Next I began a process called degaussing.  This is where magnetism is removed or another way of saying it is the magnetic field is neutralized.  This is what you'll need the two magnets for.  These are extremely strong magnets and can be used to remove the magnetism from the platters.  Once the magnetism is completely removed there is no data left on the platters.  As you can see in Figure 14 I'm holding one of the platters and one magnet is below the platter, the other above it.  The platter is very thin so is hard to see but I'm holding it with my hand and you can see the thin platter between my fingers.  By having a magnet on each side the magnetism goes through the platters and should neutralize the magnetic properties of them.  Make sure you do this to the entire platter from the inside to the outside perimeter and the entire circumference.  Once you are done with the first platter do it to the remaining platters.



As I mentioned in Step 6, the degaussing should have removed all of the data.  This step is optional but is suggested since it'll remove any data that may have been missed in the degaussing.  There are many ways that you can destroy the platters and I suggest you use whichever method you prefer.  You basically want to physically destroy the platters.  I started by using my flat-head screwdriver to scratch both sides of the platter.  If you do this make sure you do it to both sides of all platters.  You can see one of the platters in Figure 15 after I've begun scratching it.  You can do this as much as you'd like and other options are to slam a hammer or even sledgehammer into them or even cut them with a hacksaw.  Since by now it's unlikely that any data can be recovered this is all optional.  With whatever methods you choose make sure you use complete safety measures.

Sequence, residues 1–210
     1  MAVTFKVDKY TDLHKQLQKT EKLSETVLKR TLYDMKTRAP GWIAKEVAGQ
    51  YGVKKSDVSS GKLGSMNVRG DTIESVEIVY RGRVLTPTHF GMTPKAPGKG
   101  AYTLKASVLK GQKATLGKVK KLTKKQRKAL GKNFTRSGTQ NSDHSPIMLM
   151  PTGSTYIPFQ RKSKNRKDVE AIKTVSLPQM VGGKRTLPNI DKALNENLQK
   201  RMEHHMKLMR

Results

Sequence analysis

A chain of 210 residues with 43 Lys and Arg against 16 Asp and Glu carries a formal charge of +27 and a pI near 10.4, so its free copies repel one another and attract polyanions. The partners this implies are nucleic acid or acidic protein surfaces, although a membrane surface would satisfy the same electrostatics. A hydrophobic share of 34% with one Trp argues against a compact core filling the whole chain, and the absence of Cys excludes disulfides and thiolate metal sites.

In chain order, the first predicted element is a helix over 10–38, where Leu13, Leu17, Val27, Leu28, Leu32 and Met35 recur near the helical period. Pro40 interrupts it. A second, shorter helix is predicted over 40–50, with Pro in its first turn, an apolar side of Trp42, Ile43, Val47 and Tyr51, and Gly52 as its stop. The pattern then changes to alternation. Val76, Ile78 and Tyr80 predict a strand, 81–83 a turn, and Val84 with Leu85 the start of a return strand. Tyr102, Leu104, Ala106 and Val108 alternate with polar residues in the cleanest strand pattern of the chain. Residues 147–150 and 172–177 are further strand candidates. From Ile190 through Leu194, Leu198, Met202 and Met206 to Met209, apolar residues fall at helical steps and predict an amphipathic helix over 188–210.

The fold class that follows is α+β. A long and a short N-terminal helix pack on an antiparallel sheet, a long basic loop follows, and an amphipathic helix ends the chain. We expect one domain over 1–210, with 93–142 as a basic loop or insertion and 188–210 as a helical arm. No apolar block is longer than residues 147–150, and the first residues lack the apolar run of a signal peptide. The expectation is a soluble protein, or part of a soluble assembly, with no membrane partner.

Thank you for reading this tutorial.  I hope you find this helpful.  This should work for most current generation and many past generation hard drives.  I'm not sure what changes we'll see in future hard drives but with a few possible modifications, in most cases this should work for you.  If you have several hard drives you have to dismantle and destroy you can leave out the steps of removing both magnets.  You will still have to open the hard drive and remove all platters.  You will only have to remove the magnets for the first hard drive and then can use those magnets for degaussing the platters from the rest of the hard drives.